A trio of financial investors are circling one of Britain’s biggest chains of chemists as its American owner finalises its retreat from an expensive foray into Europe.
Sky News has learnt that Aurelius Group, Epiris and HIG Europe are expected to table formal bids this week for LloydsPharmacy, which employs well over 15,000 people.
The offers follow months of talks between LloydsPharmacy’s owner, McKesson Corporation, and prospective bidders.
Last month, Bloomberg News reported that McKesson was in discussions to sell its operations in continental Europe to a German pharmaceutical wholesaler called Phoenix Group.
That deal would not, however, encompass the New York-listed company’s British business, which also includes All About Health, the UK’s biggest drug distributor.
Aurelius, Epiris and HIG each have track records at buying underperforming assets and attempting to revive them.
A formal agreement with one of the bidders is not likely for several weeks, according to people close to the process.
Bankers at Barclays are advising McKesson on the sale process.
The auction comes after LloydsPharmacy’s boss faced questions from a prominent MP about its treatment of its workforce.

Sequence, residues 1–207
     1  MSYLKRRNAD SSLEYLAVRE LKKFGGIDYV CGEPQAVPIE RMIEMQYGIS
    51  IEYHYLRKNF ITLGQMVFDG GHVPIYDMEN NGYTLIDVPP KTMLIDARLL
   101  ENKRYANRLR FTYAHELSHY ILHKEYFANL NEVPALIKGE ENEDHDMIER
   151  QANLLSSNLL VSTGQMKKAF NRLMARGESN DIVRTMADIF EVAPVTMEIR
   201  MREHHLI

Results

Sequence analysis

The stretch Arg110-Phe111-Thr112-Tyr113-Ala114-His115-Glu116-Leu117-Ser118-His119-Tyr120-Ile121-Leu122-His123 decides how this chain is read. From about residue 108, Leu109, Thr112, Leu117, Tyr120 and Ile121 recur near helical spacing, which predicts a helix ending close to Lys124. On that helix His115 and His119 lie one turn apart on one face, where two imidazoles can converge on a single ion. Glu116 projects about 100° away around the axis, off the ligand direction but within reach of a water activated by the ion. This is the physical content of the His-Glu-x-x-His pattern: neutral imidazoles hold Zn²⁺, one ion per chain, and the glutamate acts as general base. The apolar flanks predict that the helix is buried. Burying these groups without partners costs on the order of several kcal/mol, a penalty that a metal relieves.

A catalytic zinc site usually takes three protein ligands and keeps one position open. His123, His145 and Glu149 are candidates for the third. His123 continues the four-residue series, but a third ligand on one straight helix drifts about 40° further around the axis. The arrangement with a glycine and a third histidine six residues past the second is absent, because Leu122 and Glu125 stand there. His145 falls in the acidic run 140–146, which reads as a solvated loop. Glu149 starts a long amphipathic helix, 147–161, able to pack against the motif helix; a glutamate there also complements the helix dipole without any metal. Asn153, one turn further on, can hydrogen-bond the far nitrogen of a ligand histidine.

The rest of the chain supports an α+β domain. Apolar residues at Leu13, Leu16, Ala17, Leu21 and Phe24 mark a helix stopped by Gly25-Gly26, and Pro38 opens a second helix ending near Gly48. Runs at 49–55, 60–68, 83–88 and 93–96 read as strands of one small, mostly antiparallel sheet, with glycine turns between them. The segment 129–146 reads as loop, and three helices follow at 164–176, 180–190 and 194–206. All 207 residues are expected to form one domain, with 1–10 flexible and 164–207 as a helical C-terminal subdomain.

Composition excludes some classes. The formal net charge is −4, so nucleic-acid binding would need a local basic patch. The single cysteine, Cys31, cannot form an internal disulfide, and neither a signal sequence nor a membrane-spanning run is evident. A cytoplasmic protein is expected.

In February, Robert Halfon, a member of the Conservatives’ 1922 Committee, wrote to Toby Anderson, chief executive of McKesson UK, querying prospective changes to staff overtime and sick pay rates.
McKesson UK had been proposing to slash overtime and sick pay, move its workforce to a six-day working week including Saturdays, slash bonuses and remove a heavily subsidised private healthcare scheme.
The company has told branch managers that its policy is “not to speak to the press”.
By some measures, McKesson is the biggest competitor in the UK to Boots the Chemist and its parent company, Walgreens Boots Alliance.
LloydsPharmacy operates a network of more than 1,400 sites across the UK, employing more than 17,000 people.
Hundreds of its outlets are based in GP surgeries.
The LloydsPharmacy estate was assembled over decades through the absorption of prominent industry names such as Savory & Moore, Cross & Herbert, Kingswood GK and Hills Pharmacy.
In 2016, the company bought Sainsbury’s network of nearly 300 in-store chemists.
LloydsPharmacy became part of McKesson in 2014, when the American group bought Celesio in a £5bn deal.
McKesson also owns John Bell & Croyden, a royal warrant-holding pharmacy in London’s Mayfair which has been enlisted as part of the government’s COVID-19 vaccination programme.
John Bell & Croyden opened in 1798 and claims to have been Her Majesty The Queen’s pharmacist since 1958.
In accounts filed at Companies House for the year to 31 March 2019 loss-making LloydsPharmacy described it as “another exceptionally challenging year”.
None of the bidders would comment on Monday.